Tuesday, 11 July 2017

Basking Sharks and Basking Lizards

We have found (drum roll) 200 nesting attempts by the Little Terns at Kilcoole this year, with 220 chicks ringed, and numerous fledglings scattered along the foreshore. The chicks are doing very well, and are becoming more independent (and therefore, elusive) by the day. Regular fledgling counts have begun, during which a warden estimates numbers of chicks from a distance using a telescope. Last Wednesday, Chris and Andrew were delighted to welcome visitors from the Garden Team at Sunbeam House. A fantastic day was enjoyed by all, and the group showed great interest and enthusiasm- so thank you so much for coming down guys!! We hope to see you again in seasons to come.

Some chicks and fledglings waiting to be ringed. Photo taken under NPWS licence by Andrew McManus.

The variations in habitat at the Kilcoole site support a wealth of biodiversity. Every day it's possible to come across a species you haven't seen yet in the season. This week, a Basking Shark was seen by Andrew. This is a fantastic spot, as Basking Sharks aren't often present on the east coast. Catching a glimpse of a Viviparous Lizard while strolling along the path is always great, as is watching Grey Seals snooze in the shallows.

A viviparous lizard sunbathing. Photo by I. Sullivan.

The basking shark video is available on the Birdwatch Ireland Wicklow Branch Facebook page:


Over the weekend, we were delighted to welcome a group of visitors made up of highly experienced ringers, birders, and wardens from previous years - a big thank you to Declan, Paddy, Susan and Brian for the fantastic ringing session, and the BBQ!

The colony is beginning to quieten down, as numbers of Little Terns are starting to dwindle and more chicks are taking to the foreshore. However, we do have a few recent hatchings, and around 22 nests are still active. Though these eggs and chicks will not be afforded the protection of mobs of adult terns over the coming weeks, we are hopeful for their success. Stay tuned for the next blog post, which will feature drawings and descriptions of the Little Terns progression from baby hatchling to monster fledgling!

"Are you talkin' to me? Are.. you TALKIN'.. to ME?," - a suspicious fledgling photographed before it was ringed. Photo taken under NPWS licence. (Andrew McManus).

Cobber, the resident Mute Swan by the caravans, with his family behind him. Photo taken by I. Sullivan.
With thanks as always for all the encouragement and support we receive from the public down at Kilcoole.

- Irene and the Kilcoole Team

Sunday, 2 July 2017

Living life on the Fledge

Over the past couple of days, the waves rolled in upon the shingle at Kilcoole and the wardens were temporarily banished to the hide by the bad weather. The fencing around the southern colony was knocked by some unforgiving tides, but this has been repaired and is now back to being a secure barrier against predators. The first round of chicks have mostly entered their tweens, and are speeding around the beach, doing their utmost to evade ring-clad wardens. However, the older chicks are growing up fast, and a few fledglings have been spotted!!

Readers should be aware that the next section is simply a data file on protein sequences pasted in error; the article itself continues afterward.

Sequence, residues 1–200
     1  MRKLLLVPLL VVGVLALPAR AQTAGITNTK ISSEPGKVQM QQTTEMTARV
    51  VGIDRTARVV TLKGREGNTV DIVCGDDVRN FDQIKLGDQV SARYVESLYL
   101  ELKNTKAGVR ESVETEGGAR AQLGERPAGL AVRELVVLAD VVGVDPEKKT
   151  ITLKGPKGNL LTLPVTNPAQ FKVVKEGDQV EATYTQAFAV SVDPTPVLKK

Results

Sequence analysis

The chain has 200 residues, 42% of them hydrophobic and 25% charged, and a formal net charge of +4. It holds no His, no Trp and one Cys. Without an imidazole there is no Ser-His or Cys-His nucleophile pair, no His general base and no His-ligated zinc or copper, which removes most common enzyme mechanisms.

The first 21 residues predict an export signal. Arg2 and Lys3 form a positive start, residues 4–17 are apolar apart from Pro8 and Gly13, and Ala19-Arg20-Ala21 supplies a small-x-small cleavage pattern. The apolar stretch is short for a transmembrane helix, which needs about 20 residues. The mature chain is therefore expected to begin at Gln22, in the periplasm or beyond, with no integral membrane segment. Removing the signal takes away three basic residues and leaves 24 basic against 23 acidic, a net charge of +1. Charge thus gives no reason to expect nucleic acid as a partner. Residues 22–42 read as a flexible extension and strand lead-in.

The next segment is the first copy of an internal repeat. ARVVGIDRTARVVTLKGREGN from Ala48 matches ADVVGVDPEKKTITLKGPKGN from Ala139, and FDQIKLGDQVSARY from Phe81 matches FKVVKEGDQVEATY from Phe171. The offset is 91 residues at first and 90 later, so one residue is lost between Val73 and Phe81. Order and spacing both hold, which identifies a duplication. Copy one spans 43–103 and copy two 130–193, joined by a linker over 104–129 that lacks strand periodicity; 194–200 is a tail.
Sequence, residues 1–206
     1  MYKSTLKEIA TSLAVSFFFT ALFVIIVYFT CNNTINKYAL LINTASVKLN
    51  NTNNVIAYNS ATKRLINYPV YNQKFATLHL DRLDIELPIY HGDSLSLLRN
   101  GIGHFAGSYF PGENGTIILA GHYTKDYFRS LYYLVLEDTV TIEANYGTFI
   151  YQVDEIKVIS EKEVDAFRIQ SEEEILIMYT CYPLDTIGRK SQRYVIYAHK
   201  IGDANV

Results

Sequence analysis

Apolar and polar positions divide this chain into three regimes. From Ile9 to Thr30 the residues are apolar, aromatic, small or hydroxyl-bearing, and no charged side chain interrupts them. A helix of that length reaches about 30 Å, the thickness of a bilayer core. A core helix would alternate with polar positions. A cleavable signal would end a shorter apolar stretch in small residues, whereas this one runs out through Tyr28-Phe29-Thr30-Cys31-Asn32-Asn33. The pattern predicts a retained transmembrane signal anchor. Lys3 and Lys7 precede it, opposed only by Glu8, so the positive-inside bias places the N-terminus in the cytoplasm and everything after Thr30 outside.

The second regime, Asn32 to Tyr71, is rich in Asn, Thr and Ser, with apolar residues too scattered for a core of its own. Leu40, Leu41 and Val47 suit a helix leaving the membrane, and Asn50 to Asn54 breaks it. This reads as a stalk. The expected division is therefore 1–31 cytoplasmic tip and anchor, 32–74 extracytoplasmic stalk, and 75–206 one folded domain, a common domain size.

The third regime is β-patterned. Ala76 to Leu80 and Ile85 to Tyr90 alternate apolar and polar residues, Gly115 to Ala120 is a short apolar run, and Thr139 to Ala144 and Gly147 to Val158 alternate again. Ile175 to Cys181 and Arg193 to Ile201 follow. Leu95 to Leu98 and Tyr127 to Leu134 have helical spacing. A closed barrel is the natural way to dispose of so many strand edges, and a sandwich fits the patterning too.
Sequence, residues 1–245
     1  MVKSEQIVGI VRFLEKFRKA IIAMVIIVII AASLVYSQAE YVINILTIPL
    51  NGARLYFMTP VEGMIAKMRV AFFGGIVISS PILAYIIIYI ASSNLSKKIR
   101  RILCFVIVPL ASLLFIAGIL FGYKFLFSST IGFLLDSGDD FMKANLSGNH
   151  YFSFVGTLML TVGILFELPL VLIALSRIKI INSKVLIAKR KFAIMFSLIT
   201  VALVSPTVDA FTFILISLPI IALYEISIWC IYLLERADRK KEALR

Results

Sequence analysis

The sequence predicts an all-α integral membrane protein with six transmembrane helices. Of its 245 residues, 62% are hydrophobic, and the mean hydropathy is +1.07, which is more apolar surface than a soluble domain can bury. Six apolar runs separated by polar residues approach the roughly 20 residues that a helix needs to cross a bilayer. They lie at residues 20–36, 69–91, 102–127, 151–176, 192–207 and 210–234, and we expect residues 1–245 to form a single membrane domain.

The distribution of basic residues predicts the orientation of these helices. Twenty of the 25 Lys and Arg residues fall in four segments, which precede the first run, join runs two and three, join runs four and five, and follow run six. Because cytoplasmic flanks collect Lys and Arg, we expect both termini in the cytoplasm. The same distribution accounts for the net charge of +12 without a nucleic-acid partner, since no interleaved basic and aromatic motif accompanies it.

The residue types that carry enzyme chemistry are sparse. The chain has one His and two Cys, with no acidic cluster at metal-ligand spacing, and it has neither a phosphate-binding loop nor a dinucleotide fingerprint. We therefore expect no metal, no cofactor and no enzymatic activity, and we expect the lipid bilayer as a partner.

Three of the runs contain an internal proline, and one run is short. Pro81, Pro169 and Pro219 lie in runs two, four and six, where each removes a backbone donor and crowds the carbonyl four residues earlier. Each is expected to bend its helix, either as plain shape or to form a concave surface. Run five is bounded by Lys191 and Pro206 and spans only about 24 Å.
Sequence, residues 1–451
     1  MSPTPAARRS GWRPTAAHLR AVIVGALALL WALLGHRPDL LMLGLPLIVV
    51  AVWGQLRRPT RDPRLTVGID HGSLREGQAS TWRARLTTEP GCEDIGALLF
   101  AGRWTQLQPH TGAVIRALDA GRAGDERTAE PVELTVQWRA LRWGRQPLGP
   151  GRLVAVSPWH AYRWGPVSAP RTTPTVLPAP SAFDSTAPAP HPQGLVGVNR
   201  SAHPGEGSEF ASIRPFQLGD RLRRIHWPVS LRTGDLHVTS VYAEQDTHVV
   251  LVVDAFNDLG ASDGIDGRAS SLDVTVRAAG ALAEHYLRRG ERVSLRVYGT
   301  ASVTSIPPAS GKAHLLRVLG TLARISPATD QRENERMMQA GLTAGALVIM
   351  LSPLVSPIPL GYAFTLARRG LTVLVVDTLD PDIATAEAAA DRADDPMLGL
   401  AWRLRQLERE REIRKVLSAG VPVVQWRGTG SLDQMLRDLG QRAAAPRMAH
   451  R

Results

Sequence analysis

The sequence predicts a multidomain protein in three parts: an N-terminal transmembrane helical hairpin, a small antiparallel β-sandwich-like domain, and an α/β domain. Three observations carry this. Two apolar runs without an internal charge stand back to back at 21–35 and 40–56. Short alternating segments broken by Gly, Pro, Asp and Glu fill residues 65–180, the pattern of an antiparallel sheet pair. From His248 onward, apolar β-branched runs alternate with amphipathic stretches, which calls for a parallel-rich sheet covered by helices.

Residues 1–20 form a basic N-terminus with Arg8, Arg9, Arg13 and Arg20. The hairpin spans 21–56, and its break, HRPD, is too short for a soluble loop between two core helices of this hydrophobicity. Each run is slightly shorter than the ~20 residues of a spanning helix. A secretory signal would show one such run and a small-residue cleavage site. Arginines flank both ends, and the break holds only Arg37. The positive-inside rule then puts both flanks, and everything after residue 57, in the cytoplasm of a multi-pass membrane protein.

Our fancy shmancy new scales, modelled by a Little Tern chick from the southern colony. Photo taken under NPWS licence (I. Sullivan).

Many birds are still incubating eggs and nests continue to be discovered. More and more puffed-up parents can be witnessed with their wings enveloping chicks and protecting them from the elements. Two very successful ringing sessions were carried out over the past week. A grand total of 190 chicks have been blinged so far. We look forward to their return in seasons to come.
An adult bird seen through the scope, incubating chicks. Photo taken under NPWS licence. (I.Sullivan).

On Thursday 22nd June
, Andrew Butler, Andrew McManus and myself were delighted to welcome Ms. Webb’s sixth class from St. Patrick’s primary school, Greystones. You guys were brilliant! Some excellent questions were asked and great enthusiasm was shown by you all, despite the fact that the walk from Greystones was a strenuous 7km. Nevertheless, Bear Grylls like stamina and good banter fuelled a fun-filled afternoon. As part of the interactive visit, the class were shown a nest on shingle made up of unviable eggs, to illustrate how effective their camouflage is on the beach. We also discussed the breeding behaviour, feeding ecology and migration of the Little Terns. A special thanks must be given to sixth class at St. Patrick’s for naming one of the Little Tern chicks “Réaltóg". We’re optimistic it’ll have a future as bright as it’s name.
The Kilcoole team would like to remind visitors to the beach to please avoid the Breaches outlet, as there may be chicks and fledglings around the area. We greatly appreciate your consideration for the Little Terns and their wandering.
- Irene and The Kilcoole Team